The article written by VanDevanter et al. (2012) is focused on the attitudes of patients toward HIV testing. Professionals state that about 200,000 of a million infected individuals are not aware of their status, which means that they can share HIV with others. Such statistics made the Centers for Disease Control and Prevention encourage healthcare providers to offer their patients HIV testing.
The authors maintained a qualitative research study and interviewed patients to reveal how patients served by nurse-dentist collaborations at dental clinic settings treat this screening. In particular, they focus on such a research question: what attitudes and beliefs toward HIV testing are held by patients in dental sites? In addition to that, VanDevanter et al. (2012) wonder what are the main “factors that should be incorporated into the design of nurse-dentist collaborative HIV screening programs” (p. 1).
The sample of this study included patients who visited the provider of dental care at the NYU College of Dentistry (New York state) in 2010. These were people who looked for low-cost services, as they represented a marginalized and at-risk population. More than 82,000 patients were considered, but a few participated. Almost 75% of them were about 30-49 years old. 58% were females. 83% were not European Americans. 53% had Medicaid insurance, and 22% had a private one. The rest of them were uninsured. The findings revealed that the sample had positive thoughts regarding HIV tests in dental sites.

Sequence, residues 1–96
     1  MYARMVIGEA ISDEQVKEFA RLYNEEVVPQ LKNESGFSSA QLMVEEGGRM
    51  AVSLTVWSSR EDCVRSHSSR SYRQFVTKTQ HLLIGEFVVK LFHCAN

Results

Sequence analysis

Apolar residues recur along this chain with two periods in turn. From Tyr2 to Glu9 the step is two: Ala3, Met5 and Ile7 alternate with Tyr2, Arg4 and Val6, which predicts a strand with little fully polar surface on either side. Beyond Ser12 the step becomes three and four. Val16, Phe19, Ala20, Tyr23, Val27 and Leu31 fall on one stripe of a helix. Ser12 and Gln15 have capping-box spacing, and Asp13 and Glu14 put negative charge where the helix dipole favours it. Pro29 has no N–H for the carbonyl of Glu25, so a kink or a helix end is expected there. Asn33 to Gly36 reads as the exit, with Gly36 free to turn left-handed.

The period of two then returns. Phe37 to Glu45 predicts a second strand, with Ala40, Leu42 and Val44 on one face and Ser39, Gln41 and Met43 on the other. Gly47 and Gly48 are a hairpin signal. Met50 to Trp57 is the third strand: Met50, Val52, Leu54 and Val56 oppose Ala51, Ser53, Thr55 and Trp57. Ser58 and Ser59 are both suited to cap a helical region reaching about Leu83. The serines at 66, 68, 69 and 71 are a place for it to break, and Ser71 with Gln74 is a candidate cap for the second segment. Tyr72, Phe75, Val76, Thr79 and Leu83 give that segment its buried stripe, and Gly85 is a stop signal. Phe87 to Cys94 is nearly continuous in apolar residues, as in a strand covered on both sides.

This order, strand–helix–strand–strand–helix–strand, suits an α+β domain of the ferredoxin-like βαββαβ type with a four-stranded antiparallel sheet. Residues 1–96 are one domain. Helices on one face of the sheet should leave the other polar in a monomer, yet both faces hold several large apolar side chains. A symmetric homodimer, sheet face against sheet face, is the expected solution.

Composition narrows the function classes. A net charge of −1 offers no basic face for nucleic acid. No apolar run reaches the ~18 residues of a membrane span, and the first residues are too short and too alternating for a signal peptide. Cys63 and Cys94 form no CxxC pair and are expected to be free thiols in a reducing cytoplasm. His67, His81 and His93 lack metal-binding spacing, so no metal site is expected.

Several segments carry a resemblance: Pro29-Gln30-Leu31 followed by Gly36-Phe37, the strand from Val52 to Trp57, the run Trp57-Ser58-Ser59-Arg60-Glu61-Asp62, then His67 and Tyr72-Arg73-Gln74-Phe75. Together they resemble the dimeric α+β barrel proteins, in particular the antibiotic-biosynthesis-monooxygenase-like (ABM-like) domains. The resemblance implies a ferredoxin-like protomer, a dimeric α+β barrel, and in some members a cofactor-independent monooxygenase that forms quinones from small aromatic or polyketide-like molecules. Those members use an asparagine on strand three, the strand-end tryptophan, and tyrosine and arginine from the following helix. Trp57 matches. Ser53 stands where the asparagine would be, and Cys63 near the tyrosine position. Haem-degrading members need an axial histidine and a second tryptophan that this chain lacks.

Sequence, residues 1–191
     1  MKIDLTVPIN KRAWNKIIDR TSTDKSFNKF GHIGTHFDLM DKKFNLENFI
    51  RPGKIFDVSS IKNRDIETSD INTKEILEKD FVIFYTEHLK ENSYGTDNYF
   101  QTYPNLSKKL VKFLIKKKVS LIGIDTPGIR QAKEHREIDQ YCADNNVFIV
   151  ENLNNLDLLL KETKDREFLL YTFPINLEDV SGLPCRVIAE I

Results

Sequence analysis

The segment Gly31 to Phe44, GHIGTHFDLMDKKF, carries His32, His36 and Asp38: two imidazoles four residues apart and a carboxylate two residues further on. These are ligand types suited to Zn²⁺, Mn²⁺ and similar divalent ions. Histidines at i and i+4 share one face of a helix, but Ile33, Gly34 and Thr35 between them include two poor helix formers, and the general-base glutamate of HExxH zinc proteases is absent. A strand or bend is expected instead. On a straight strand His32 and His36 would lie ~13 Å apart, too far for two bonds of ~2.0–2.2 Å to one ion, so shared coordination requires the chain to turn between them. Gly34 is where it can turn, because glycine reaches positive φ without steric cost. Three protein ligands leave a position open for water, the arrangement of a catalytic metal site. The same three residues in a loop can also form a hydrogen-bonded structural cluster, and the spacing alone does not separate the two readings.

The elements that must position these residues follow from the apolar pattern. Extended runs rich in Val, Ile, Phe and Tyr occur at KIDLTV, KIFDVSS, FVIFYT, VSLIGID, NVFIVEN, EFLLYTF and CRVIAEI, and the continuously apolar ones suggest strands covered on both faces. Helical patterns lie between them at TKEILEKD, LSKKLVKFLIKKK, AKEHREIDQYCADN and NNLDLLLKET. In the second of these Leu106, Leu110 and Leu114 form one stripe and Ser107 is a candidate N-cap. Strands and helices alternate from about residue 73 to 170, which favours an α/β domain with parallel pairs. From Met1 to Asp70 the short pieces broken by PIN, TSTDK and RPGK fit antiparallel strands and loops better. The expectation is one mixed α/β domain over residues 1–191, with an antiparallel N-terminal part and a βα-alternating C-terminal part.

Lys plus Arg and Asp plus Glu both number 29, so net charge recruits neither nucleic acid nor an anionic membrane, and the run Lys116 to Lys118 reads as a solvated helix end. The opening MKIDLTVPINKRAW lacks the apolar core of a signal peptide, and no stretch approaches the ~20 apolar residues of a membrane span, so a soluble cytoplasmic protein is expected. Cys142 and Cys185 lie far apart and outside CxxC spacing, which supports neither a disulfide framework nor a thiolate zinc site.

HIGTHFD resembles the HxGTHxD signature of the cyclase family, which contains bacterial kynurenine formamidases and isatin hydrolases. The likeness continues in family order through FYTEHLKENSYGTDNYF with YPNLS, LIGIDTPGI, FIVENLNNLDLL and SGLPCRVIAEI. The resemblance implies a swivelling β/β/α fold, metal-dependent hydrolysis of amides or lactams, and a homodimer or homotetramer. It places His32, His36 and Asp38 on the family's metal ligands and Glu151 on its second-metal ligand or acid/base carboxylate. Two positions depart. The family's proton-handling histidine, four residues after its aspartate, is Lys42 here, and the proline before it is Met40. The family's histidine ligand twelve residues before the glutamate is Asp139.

VanDevanter, N., Combellick, J., Hutchinson, K., Phelan, P., Malamud, D., & Shelley, D. (2012). A qualitative study of patients’ attitudes toward HIV testing in the dental setting. Nursing Research and Practice, 2012, 1-6.